• Rhian Bland & Jacob Phelps

Patent analysis as a conservation tool

Although the IUCN Red List highlights the thousands of species threatened by commercial trade, there is often little published information about what species are commercially used for.

Patent analysis could provide a novel tool for identifying and predicting which wildlife products the market considers commercially valuable.

In the first such attempt to use patent databases to inform conservation, researchers at Leiden University recently used this method on orchids. They produced the first systematic patent review to inventory all the recorded commercial uses for terrestrial orchids used to produce salep.

Salep is an edible powder produced from tubers of wild orchids, used in Turkey as the main ingredient in the drink salep, and an ice cream called maras dondurma. These traditional products have been reported as main drivers of decline in the wild orchid populations used to make them: in Turkey alone, salep harvest is estimated to use tubers from up to 120 million orchids each year.

Anacamptis morio, an orchid species harvested to produce salep. Source: Pete Stroh

Conservationists are increasingly concerned about these long-standing, commercial uses for terrestrial orchids to make salep powder. Importantly, however, patent analysis revealed that commercial interest in these orchid species extends much further than the production of salep drink and ice cream.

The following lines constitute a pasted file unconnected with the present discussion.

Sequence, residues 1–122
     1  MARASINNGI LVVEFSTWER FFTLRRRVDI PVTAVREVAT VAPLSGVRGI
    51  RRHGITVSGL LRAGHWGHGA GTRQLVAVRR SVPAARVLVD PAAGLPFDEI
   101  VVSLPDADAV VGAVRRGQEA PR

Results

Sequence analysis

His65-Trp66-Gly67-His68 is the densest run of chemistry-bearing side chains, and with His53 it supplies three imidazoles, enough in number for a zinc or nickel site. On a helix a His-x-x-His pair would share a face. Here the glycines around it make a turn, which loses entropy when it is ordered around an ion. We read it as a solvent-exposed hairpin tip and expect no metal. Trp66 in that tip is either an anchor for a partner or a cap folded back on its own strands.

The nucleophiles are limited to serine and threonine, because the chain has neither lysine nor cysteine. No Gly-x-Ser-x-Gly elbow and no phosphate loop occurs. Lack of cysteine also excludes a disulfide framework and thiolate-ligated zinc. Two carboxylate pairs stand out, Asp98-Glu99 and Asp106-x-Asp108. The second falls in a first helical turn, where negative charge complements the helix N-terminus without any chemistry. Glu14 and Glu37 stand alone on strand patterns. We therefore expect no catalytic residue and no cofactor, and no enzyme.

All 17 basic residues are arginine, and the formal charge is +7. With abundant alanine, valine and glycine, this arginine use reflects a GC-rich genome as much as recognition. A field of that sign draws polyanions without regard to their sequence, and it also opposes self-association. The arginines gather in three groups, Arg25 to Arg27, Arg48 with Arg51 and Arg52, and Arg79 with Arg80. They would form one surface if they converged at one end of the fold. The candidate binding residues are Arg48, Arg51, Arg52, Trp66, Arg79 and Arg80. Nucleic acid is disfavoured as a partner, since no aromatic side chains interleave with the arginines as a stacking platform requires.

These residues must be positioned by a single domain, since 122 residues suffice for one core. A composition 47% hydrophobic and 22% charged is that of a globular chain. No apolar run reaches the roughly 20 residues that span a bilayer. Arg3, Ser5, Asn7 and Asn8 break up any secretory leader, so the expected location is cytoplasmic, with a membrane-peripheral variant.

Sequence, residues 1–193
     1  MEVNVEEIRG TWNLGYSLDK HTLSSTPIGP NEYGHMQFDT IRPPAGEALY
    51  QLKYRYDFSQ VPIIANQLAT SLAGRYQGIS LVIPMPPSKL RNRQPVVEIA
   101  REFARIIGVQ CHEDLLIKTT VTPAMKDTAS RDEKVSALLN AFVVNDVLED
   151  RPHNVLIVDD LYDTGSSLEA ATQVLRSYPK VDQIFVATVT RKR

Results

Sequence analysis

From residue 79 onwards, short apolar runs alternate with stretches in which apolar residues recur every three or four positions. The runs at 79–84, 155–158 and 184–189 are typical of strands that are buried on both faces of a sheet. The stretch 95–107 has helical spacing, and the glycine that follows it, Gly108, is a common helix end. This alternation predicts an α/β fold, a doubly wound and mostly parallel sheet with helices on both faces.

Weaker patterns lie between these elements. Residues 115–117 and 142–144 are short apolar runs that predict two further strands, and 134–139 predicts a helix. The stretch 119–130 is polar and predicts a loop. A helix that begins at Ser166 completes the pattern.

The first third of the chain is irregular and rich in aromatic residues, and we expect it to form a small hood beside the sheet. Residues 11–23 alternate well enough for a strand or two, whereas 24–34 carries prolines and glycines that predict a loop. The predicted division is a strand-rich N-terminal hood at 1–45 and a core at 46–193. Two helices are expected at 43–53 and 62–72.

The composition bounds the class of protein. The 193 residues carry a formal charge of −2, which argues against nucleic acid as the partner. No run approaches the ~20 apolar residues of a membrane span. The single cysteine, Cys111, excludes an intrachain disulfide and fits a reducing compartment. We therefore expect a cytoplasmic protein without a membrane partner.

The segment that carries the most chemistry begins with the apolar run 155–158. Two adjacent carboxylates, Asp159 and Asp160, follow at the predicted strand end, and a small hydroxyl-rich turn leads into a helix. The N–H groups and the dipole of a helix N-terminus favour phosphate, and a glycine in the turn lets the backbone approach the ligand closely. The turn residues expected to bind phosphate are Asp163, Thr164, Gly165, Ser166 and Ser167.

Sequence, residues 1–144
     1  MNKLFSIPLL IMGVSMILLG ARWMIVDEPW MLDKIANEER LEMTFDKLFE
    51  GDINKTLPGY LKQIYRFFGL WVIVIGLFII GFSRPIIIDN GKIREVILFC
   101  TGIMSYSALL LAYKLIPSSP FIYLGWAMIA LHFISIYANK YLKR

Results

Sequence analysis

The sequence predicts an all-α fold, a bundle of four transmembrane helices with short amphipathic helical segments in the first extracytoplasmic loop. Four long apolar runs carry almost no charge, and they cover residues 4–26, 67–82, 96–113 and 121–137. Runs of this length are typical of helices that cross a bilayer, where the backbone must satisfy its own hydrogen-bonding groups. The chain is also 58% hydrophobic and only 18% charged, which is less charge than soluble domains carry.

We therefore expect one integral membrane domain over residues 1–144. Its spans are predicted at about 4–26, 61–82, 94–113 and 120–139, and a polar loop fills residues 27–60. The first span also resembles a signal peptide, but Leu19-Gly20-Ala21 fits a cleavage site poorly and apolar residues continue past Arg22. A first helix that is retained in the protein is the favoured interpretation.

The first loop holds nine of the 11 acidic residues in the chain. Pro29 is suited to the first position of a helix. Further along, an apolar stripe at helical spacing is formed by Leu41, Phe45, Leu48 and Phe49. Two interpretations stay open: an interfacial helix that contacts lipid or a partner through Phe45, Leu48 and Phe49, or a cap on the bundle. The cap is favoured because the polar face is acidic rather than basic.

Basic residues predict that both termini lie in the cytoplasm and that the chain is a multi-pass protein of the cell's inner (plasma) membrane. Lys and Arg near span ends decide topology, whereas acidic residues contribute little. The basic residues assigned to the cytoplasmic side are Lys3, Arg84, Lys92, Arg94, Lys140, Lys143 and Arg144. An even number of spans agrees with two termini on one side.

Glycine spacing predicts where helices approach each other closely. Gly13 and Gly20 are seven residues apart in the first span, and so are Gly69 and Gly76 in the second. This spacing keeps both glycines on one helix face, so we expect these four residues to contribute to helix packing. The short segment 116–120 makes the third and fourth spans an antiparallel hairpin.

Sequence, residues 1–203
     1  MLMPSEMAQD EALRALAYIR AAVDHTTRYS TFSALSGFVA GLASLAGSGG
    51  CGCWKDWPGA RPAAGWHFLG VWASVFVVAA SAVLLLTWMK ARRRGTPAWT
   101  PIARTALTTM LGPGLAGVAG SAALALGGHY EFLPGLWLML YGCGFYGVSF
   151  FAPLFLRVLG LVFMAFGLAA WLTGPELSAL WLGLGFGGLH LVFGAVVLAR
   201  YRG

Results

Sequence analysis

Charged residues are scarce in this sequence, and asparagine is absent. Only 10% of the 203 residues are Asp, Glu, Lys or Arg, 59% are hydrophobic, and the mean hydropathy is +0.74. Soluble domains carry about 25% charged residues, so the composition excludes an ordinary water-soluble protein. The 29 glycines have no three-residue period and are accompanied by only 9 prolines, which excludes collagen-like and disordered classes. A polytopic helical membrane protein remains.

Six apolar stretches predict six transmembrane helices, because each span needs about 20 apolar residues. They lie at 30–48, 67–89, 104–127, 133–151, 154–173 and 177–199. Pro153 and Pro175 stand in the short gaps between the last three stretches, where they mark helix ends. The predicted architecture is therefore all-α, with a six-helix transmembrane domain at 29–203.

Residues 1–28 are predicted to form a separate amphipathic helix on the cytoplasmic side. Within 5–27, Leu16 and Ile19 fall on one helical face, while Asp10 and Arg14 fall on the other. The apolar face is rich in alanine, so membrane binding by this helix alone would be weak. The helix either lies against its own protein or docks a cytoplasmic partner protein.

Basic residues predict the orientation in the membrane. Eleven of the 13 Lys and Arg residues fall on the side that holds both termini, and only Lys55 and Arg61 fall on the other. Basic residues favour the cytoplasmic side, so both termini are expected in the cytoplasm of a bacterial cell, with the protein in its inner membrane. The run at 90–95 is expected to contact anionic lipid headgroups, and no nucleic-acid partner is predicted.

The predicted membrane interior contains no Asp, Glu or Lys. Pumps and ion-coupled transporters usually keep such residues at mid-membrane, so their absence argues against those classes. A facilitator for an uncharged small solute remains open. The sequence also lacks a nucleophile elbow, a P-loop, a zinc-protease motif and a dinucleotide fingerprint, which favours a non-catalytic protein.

They found that 89 patent applications had been granted since 1886 for commercial uses of salep, ranging from industrial materials to medicine formulations. These patent applications were granted across the globe including Australia, Canada, China, Denmark, Germany, Japan, UK, and USA.

Although patent analysis cannot reveal trade-volumes, conservation priorities or trade dynamics, they can help indicate which species might be facing pressures from commercial trade. The authors argue that, in order to protect commercially-valuable wildlife, conservationists must engage with the full extent of their utility and commercial interest.

You can read the full paper here to read more about patent analysis as a tool to examine wildlife trade.

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